Carmont had quickly shot off to a 3-0 start to his UFC career, but he was facing a sturdy veteran who possessed over twice the amount of Octagon experience.
This fight ended with a pretty controversial decision, so we'll break it down below.
In the opening round, Carmont looked to score from the outside, landing occasional kicks and punches while Lawlor came up short. Lawlor got back into the bout by pressing the Tristar fighter into the fence, occasionally working for takedowns, but overall being unable to put the former French kickboxer on his back.
In the meantime, Carmont responded with short knees on the inside, landing a few of them significantly.
Round two was more of the same, except Carmont did a better job on the feet, being slightly more aggressive. Lawlor again worked for takedowns along the fence for a significant portion of the frame, but this time, he actually found success, turning the corner and putting Carmont on his back twice, although he couldn't do much with the position as the lengthy middleweight worked his way back to his feet relatively quickly both times.
In the third round, both men were tired, but this time, Carmont couldn't respond with much offense to counter Lawlor's offensive grappling attack as Lawlor's aggression was the deciding factor. The American even mixed it up and landed some decent strikes in the round, but he was a bit tired and they didn't do nearly as much damage as they would have done if he were fresh.
While most fans scored the bout for Lawlor due to his aggression hunting for takedowns, two of the judges decided with Carmont 29-28. UFC President Dana White wasn't impressed. His take on the controversy was "Who cares? They both lost that fight."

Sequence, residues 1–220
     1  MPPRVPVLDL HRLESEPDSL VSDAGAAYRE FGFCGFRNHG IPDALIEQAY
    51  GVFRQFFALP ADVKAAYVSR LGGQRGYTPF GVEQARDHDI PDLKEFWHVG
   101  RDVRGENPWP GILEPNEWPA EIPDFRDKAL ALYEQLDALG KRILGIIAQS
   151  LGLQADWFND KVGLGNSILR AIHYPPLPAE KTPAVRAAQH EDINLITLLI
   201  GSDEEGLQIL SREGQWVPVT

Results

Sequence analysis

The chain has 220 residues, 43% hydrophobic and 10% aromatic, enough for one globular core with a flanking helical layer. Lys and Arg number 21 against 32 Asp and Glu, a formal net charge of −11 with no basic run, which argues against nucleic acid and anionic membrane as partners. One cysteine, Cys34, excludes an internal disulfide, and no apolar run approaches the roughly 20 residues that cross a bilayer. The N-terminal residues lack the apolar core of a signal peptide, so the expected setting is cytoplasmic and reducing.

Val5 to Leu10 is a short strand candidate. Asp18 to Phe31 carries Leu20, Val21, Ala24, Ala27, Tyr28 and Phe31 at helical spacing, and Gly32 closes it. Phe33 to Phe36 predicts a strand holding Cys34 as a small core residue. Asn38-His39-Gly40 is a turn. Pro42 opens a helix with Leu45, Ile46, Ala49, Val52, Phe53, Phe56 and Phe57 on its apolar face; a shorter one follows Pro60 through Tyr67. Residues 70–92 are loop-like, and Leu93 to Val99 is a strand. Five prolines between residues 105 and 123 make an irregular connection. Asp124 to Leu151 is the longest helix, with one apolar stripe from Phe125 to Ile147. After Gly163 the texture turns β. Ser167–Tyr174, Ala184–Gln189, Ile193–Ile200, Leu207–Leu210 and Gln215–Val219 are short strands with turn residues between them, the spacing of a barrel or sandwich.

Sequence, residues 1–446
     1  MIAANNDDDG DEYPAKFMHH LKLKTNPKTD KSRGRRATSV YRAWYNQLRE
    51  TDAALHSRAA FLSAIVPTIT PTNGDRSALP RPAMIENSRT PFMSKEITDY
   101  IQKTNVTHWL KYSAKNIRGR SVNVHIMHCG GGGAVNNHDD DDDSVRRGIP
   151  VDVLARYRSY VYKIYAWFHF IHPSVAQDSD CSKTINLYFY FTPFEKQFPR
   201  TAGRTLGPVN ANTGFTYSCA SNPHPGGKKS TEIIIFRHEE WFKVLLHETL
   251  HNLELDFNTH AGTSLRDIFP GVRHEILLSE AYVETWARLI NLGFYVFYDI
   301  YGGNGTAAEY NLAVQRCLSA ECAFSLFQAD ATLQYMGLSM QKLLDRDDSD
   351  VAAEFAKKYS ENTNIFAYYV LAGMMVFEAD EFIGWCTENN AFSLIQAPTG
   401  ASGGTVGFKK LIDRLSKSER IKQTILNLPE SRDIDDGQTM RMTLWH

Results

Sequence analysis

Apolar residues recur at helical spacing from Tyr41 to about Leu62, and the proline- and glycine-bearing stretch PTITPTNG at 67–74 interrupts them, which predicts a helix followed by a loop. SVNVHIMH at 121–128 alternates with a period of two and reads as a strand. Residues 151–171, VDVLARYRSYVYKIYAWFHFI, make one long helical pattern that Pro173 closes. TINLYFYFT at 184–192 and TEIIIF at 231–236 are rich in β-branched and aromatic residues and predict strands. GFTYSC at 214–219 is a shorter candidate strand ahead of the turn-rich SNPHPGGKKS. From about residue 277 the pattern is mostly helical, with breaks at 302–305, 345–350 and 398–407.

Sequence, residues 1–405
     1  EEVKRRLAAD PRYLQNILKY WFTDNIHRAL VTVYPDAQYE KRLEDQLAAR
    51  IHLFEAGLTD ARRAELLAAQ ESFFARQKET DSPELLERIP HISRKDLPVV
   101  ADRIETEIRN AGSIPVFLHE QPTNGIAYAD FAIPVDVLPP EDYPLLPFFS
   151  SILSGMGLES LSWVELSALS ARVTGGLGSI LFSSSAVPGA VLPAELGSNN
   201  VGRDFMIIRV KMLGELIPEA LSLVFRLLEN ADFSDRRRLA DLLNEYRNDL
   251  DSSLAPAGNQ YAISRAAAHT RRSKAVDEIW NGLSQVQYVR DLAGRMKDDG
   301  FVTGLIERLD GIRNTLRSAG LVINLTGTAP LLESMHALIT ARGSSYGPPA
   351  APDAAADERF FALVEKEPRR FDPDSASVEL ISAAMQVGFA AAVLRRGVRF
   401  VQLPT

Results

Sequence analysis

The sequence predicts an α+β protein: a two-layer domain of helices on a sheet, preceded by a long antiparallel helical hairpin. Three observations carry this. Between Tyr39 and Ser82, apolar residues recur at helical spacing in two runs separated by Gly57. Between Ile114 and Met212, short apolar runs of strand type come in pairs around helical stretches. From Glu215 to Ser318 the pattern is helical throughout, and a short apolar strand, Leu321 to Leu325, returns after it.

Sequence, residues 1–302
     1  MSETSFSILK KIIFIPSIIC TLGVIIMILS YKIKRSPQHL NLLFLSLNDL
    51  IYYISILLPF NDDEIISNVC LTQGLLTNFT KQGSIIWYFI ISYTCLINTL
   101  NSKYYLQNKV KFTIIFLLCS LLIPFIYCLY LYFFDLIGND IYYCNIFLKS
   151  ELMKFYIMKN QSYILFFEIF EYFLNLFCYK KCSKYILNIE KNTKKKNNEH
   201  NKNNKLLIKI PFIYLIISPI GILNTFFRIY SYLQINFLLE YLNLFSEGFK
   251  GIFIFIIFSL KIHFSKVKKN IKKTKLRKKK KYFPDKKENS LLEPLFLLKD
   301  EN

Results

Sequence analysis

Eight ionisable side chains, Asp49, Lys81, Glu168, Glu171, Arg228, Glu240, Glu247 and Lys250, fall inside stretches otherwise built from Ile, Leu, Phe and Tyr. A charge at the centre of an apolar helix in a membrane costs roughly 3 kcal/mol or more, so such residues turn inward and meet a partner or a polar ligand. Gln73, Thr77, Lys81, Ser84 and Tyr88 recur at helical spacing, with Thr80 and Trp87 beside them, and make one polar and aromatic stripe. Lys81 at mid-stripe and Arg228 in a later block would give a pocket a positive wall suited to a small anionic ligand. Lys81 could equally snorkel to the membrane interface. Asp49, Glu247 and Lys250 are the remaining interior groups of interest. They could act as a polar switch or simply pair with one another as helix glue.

For Tom Lawlor, putting Carmont in the clinch and working for takedowns was a good strategy, but he should have been busier. Every time he failed a takedown, it made Carmont look stronger and he wasn't mixing up his attacks. If he had actually been throwing short strikes with his inside position along the fence, it would have looked much better, but he instead just held onto Carmont and allowed the kickboxer to strike back with knees. He finally wised up in the third round, landing some foot stomps while working for takedowns, but two of the judges had already ruled against him by that point.
For Francis Carmont, he definitely got a bit lucky here as the judges awarded his knees while his back was pressed against the cage and his kicks on the outside over Lawlor's ineffective clinch and takedown attempts. He simply didn't do much in this fight, not attacking nearly enough when they were separated despite having such a strong kickboxing background. He showcased pretty good takedown defense for most of the fight, and worked his way back to his feet when he actually was taken down. He will need to work on getting out of ugly positions better as Lawlor was walling and stalling for far too long in this bout.
Despite being 4-0 in the UFC, Carmont should keep getting the slow build as he's not ready for a major leap in competition. Potential opponents include Constantinos Philippou, Riki Fukuda or perhaps Brad Tavares.
So what did you think, Maniacs?
Was this fight as controversial as some made it out to be? After watching Carmont struggle, where do you think the 31-year old's ceiling is in the middleweight division?